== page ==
Corporate success: Matching staff and employers through personality?

Can a new startup provide a workplace which is truly "right" for you?
Written by Charlie Osborne, Contributing Writer on

Can a new startup provide a workplace which is truly "right" for you?

In the days of continual job-hopping, a fragile economy overlaid with redundancies and strong competition for anything from entry-level jobs to top positions, finding the right role can be a painful process.

The global job market has changed radically in the last few decades. It's not uncommon (rather, just common sense) for those looking to change roles to find another position before handing in their notice, and the next generation are more likely to job-hop than the last.

But could psychological tests match you up with a firm you'd stay in for a longer period?

A new approach to job listings has been created by Good.co -- launched in beta last month -- which relies on psychological elements to find you a role, rather than simply your skills and experience. A proprietary algorithm classifies both job seekers and employers into different personality types, and after signup and completing a questionnaire created by an experimental psychologist, you are given your archetype, as well as company archetypes that provide the best "fit."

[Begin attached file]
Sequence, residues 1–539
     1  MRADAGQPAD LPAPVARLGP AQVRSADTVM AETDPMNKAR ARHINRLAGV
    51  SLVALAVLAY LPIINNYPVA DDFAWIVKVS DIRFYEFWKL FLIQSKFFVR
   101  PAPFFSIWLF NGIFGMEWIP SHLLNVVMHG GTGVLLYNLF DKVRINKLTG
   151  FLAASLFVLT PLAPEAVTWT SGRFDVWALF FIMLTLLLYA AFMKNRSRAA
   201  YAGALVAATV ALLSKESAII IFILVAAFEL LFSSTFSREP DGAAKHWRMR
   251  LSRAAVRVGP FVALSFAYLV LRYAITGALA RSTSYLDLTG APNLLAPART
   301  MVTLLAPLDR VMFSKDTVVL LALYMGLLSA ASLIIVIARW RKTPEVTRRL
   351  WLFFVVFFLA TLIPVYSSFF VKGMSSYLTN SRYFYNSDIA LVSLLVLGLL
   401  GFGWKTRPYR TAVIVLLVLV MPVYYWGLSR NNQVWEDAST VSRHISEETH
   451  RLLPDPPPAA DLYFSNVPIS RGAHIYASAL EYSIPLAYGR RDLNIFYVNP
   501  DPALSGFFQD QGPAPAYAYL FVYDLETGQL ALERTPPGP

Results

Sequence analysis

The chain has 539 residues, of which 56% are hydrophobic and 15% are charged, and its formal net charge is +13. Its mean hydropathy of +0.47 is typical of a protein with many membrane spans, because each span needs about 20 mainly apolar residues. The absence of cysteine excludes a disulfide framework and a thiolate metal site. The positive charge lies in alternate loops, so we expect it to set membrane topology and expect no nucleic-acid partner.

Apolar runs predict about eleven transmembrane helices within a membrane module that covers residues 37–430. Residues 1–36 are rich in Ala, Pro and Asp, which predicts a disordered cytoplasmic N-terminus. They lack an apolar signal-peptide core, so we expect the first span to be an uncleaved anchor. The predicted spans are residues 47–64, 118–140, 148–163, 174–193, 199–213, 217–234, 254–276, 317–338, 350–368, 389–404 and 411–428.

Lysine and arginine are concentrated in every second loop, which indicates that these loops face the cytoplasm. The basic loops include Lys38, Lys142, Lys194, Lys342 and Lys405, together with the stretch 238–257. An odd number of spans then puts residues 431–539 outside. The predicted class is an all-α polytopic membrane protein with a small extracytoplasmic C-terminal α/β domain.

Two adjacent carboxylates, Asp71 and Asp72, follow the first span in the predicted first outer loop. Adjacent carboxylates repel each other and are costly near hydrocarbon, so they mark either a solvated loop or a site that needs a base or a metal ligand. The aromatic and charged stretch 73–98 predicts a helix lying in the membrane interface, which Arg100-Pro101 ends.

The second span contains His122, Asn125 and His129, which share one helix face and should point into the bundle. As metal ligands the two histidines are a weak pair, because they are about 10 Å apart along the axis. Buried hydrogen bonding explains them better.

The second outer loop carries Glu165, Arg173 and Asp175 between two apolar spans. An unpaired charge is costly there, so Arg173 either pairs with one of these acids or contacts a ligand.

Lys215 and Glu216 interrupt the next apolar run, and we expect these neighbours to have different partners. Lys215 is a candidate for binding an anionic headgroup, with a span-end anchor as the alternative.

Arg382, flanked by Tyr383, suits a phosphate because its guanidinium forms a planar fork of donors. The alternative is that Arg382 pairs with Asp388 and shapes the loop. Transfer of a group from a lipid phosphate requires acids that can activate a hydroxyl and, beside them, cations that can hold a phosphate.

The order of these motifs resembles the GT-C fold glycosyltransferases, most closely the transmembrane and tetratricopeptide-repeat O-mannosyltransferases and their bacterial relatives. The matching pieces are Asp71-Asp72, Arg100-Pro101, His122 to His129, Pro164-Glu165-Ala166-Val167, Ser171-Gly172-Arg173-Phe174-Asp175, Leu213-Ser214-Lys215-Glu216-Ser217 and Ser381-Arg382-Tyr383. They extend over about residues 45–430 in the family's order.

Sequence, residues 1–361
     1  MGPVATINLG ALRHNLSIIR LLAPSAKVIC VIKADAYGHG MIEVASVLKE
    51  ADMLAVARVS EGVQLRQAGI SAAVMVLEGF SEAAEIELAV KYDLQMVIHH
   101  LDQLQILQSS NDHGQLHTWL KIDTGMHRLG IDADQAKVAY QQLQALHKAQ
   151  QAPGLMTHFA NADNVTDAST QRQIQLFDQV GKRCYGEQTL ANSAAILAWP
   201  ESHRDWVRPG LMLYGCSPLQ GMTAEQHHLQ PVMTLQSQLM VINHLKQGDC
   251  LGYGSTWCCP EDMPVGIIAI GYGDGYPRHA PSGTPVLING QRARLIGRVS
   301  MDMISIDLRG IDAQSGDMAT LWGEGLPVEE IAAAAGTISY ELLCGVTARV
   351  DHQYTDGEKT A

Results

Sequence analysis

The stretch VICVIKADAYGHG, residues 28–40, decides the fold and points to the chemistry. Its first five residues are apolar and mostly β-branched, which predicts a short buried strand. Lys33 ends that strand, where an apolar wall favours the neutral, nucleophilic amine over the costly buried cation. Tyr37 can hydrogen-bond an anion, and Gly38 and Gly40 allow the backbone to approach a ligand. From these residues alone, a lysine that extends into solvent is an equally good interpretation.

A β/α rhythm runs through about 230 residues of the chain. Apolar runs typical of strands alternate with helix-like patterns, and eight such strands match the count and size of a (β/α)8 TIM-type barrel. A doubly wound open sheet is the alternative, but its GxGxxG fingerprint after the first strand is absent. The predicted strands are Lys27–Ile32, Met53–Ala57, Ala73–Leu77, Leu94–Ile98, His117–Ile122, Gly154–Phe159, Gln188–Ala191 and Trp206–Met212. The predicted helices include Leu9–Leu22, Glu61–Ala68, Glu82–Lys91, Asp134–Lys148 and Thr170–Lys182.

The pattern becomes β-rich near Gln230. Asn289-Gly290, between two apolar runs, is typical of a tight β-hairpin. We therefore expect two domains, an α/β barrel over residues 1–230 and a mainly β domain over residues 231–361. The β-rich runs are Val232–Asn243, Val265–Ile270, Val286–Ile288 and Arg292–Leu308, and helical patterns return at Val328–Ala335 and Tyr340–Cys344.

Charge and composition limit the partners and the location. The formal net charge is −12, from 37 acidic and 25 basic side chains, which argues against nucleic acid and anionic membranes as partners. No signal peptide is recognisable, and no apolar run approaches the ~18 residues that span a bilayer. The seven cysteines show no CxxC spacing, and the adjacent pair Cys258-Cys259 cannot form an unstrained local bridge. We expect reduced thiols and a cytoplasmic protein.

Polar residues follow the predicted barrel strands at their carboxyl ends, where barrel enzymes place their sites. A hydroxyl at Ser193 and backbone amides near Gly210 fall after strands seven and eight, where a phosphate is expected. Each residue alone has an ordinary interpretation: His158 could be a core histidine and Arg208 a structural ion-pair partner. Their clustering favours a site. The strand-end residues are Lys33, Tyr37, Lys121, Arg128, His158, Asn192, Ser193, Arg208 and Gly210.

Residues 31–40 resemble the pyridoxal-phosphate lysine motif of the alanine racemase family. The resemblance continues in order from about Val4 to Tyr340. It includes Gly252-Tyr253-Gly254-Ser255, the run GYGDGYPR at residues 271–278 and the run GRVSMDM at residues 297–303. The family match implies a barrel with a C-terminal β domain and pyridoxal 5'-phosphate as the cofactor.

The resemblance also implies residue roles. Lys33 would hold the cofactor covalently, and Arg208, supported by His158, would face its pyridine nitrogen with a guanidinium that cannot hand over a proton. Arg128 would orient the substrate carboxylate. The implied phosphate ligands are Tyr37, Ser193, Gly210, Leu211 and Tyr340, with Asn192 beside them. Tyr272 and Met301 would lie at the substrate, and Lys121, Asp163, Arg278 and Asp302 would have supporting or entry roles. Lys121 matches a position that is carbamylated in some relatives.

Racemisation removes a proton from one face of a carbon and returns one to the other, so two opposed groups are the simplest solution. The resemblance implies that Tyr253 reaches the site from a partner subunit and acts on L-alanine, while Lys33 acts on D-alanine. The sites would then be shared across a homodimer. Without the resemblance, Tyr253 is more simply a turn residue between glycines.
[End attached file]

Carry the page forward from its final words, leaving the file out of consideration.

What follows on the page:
After completing the survey, I found that the company summary seems fairly accurate -- an easygoing but underlying competitive atmosphere is where I'd best fit in considering my personality. The test did make me think more about the type of workplace I would want if I was unemployed -- and the few questions that had to be filled out gave me more reflective results than long aptitude tests.

The long-term plans of the project are to bring users and headhunters together in the same manner as LinkedIn is sometimes used as a scouting tool, and Good.co is currently heading towards a fresh round of seed funding. In the meantime, it may help you figure out what type of career or firm you'd work best with.

Read More or take the test: Mashable

Image credit: Flickr

This post was originally published on Smartplanet.com

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